Virginia Commonwealth University

VCU Massey Cancer Center

Scientists discover mechanism that could reverse obesity

Massey research member Andrew Larner

Approximately 68 percent of U.S. adults are overweight or obese, according to the National Cancer Institute, which puts them at greater risk for developing cancer, cardiovascular disease, diabetes and a host of other chronic illnesses.  But an international team of scientists led by Virginia Commonwealth University Massey Cancer Center researcher Andrew Larner, M.D., Ph.D., has successfully reversed obesity in mice by manipulating the production of an enzyme known as tyrosine-protein kinase-2 (Tyk2). 

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Massey partners with Spotsylvania Regional Medical Center to provide radiation oncology care

VCU Massey Cancer Center will jointly provide radiation oncology services at a new cancer center scheduled to open in April 2013 at Spotsylvania Regional Medical Center (SRMC) in Spotsylvania, Va. The two organizations have partnered under an agreement between HCA Virginia Health System and VCU Health System, a component of the VCU Medical Center that delivers Massey’s clinical oncology care.    

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VCU Massey improves radiation oncology for all veterans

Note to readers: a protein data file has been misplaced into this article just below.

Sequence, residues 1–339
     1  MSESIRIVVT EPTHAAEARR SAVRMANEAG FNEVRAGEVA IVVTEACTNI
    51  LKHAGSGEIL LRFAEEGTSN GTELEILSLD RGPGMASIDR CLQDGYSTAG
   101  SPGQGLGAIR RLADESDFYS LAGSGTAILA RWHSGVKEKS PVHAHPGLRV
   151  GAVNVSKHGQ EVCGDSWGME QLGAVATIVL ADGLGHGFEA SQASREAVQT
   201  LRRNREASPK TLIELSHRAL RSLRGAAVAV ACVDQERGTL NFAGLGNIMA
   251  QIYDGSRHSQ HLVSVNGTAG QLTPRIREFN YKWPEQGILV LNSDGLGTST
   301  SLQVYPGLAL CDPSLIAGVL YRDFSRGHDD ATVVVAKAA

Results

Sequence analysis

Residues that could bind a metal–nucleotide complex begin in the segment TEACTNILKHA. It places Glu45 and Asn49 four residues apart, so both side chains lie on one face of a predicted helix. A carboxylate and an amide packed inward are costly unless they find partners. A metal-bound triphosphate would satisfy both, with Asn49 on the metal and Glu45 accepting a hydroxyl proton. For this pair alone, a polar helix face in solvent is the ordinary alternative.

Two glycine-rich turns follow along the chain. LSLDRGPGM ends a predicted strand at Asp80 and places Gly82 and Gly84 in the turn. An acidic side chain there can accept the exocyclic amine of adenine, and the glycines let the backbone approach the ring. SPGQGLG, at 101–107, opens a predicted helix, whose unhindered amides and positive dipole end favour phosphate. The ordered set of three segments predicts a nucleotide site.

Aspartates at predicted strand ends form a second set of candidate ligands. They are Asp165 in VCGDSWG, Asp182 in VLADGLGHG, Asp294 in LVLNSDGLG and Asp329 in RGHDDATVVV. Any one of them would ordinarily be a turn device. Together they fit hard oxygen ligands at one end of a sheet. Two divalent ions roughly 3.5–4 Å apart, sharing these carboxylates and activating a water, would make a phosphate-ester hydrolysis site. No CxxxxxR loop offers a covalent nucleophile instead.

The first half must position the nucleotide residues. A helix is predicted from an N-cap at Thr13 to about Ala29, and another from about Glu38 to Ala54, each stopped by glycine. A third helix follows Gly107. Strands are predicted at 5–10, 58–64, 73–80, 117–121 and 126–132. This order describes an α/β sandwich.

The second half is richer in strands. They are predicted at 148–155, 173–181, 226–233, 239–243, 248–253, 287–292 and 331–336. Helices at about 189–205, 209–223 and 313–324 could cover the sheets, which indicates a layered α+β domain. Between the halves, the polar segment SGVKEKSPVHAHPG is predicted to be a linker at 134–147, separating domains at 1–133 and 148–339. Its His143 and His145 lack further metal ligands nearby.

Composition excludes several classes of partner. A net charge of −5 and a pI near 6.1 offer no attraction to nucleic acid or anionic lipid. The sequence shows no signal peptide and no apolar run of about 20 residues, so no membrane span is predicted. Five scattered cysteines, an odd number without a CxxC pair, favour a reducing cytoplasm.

Michael Hagan, M.D., Ph.D., a professor of radiation oncology at Virginia Commonwealth University Massey Cancer Center and a Vietnam veteran, leads the VA Radiation Oncology program. Hagan had been serving as chief of radiation oncology at Hunter Holmes McGuire VA Medical Center in Richmond, Virginia for 12 years, continuing a Massey-VA partnership established in 1989 in which Massey provides a full spectrum of cancer care for Central Virginia’s veterans, including access to cutting-edge clinical trials. Hagan has been at the helm of the program since. “The Radiation Oncology Program was created to develop policies, guidelines and procedures to ensure that veterans are treated with radiation as safely and effectively as possible,” says Hagan.

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New Research on Employment-Based Insurance Sheds Light on Health Care Reform

Men with employment-contingent health insurance (ECHI) who suffer a health shock, such as a cancer diagnosis or hospitalization, are more likely to feel “locked” into remaining at work and are at greater risk for losing their insurance during this critical time as compared to men who are on their spouse’s insurance plan or on private insurance plans, according to a new study by Virginia Commonwealth University Massey Cancer Center.

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Research breakthrough could halt melanoma metastasis

In laboratory experiments, scientists have eliminated metastasis, the spread of cancer from the original tumor to other parts of the body, in melanoma by inhibiting a protein known as melanoma differentiation associated gene-9 (mda-9)/syntenin. More than 1 million cases of skin cancer are diagnosed each year in the U.S., and melanoma is the deadliest form. With further research, the approach used by the scientists could lead to targeted therapies that stop metastasis in melanoma and potentially a broad range of additional cancers.

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